Stephen Collins, the 67-year-old actor who played a moral minister and dad on the popular WB show “7th Heaven,” has admitted publicly that he had inappropriate sexual contact with underage girls, the most recent being 20 years ago. Since then, he has been continuously in therapy, trying to understand and to keep from repeating that behavior.
Of course, Collins would prefer that this information had never gone public. He has his ex-wife to thank for that. During a confidential therapy session to attempt reconciliation in his marriage, his then estranged wife secretly recorded the session in which he detailed exposing himself to young girls and having one of them touch him. She released that tape to TMZ. But it was personal pressure, not public condemnation, that drove him to work hard on himself before the incidents became public. As he said in an interview with Katie Couric, “I had dealt with them [the sexual incidents] very, very strongly and committedly in my private life. I think I’m a human being with flaws and I’ve done everything I can to address them.”
He also said, “I deeply regret the mistakes I’ve made and any pain I caused these three women. I admit to, apologize for, and take responsibility for what I did.” If only Bill Cosby would stand up like a man and do the same!
When someone is this sincere in his efforts to address his shortcomings, and has twenty years of clean personal behavior behind him, shouldn’t we support him . . . and forgive him. He has been in personal hell for decades over this; there is no need for further punishment. He has handled everything in the right way, including not apologizing directly to two of his victims, which could reopen old wounds for them. Clearly, 20 years of restraint and no repetition of his inappropriate sexual behavior shows that he is holding himself accountable.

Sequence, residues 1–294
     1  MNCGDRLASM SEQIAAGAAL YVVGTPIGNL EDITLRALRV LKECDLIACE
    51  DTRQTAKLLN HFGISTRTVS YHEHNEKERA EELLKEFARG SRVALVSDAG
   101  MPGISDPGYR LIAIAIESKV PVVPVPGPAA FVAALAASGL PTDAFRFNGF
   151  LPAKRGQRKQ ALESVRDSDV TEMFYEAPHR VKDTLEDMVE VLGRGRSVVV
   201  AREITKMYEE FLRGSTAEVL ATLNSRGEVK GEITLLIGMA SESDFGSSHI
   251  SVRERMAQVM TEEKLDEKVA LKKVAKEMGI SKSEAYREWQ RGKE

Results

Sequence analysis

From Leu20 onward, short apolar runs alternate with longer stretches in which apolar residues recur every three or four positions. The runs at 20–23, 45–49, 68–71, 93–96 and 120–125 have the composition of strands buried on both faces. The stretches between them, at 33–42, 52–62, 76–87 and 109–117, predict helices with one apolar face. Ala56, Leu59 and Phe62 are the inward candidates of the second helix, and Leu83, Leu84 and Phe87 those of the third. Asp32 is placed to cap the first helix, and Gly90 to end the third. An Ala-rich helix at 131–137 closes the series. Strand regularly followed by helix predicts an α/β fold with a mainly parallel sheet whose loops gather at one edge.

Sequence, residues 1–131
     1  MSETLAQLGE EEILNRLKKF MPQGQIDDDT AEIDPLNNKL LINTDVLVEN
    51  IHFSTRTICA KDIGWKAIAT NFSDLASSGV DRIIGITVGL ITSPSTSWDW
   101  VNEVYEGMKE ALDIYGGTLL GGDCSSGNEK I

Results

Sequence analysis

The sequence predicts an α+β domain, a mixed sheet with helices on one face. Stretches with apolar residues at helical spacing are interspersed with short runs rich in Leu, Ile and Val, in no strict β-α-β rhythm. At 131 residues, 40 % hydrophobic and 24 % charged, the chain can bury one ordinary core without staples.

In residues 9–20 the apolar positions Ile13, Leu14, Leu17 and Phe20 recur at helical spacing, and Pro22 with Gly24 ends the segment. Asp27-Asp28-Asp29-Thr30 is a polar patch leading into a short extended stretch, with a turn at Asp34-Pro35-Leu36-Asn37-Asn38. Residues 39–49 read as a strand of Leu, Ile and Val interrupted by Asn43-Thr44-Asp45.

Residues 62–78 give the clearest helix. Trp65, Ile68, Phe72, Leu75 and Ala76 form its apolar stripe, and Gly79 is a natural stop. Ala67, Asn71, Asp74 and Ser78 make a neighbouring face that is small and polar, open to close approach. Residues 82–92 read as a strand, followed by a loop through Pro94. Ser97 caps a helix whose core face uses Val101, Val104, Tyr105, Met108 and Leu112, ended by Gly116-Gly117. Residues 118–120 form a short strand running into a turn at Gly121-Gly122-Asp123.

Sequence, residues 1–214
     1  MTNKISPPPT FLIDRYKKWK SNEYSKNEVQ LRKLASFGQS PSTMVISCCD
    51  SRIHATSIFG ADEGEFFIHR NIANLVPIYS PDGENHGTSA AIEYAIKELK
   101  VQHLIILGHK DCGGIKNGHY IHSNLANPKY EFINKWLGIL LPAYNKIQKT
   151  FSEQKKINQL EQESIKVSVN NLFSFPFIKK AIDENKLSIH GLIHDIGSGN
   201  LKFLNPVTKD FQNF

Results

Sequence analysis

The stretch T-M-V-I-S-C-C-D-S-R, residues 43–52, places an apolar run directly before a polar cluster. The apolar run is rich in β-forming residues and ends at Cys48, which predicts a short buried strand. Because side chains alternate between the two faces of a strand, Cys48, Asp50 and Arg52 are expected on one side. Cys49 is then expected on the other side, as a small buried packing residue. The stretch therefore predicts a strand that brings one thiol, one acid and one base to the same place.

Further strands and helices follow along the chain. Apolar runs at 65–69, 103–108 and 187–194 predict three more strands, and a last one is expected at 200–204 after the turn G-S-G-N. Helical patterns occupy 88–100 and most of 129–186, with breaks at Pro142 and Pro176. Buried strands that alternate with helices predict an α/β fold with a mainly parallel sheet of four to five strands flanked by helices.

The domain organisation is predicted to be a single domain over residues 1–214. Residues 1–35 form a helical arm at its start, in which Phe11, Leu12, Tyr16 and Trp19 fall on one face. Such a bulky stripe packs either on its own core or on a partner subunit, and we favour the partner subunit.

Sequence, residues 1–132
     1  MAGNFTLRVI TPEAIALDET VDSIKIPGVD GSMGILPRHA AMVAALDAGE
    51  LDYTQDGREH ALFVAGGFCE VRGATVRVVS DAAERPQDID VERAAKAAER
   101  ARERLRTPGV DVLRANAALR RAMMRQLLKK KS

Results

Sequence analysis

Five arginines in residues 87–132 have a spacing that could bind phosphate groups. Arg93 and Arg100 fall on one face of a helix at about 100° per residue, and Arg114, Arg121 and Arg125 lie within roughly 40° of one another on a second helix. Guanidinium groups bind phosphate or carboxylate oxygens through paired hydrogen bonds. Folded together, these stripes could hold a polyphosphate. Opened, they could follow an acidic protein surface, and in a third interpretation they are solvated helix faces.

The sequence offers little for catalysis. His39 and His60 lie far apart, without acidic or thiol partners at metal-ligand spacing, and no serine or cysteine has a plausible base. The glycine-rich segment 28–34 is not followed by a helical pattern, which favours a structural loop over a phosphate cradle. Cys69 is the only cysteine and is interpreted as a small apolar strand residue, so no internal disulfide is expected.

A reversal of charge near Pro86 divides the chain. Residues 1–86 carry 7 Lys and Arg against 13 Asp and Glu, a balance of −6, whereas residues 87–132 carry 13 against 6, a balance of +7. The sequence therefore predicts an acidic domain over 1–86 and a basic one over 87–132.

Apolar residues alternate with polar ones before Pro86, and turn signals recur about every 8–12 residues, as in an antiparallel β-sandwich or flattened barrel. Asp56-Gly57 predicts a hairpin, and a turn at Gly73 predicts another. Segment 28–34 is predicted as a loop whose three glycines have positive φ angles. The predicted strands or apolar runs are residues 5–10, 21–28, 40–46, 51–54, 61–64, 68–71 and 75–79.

Collins is working at least three of the famous 12 steps of recovery:
• (step 5) Admitted to God, to ourselves, and to another human being the exact nature of our wrongs.
• (step 8) Made a list of all persons we had harmed, and became willing to make amends to them all.
• (step 9) Made direct amends to such people wherever possible, except when to do so would injure them or others.
I wonder if his continuous therapy has addressed the reasons behind his behavior in the first place. I would posit that he himself was the victim of sexual assault in his childhood. These types of sexual behaviors don’t arise in a vacuum—there had to be something in his own childhood that triggered the desire to expose himself to young girls. When we take the “long view” on sexually-deviant behavior, it becomes easier to forgive Collins’ actions if we see him as a victim himself.
Because I have worked with so many people who were sexually assaulted in some way during childhood, I have always stood strongly with the victims. But I also know that the perpetrators, especially when they take responsibility and deeply regret their actions the way Collins has, deserve our forgiveness. Forgiving my father for sexually assaulting me as a child was easier when I learned that he also had been a victim of sexual assault as a child. The “sins of the father” lead to perpetrating sexual assault on generation after generation.
It’s a shame that bringing Collins’ past out in public could scuttle the rest of his acting career. It’s hard to see someone playing a moral character on TV when the viewers know that his personal behavior was anything but. It would, however, be a sign of great cultural maturity to forgive this man and let him move ahead with his life and his career.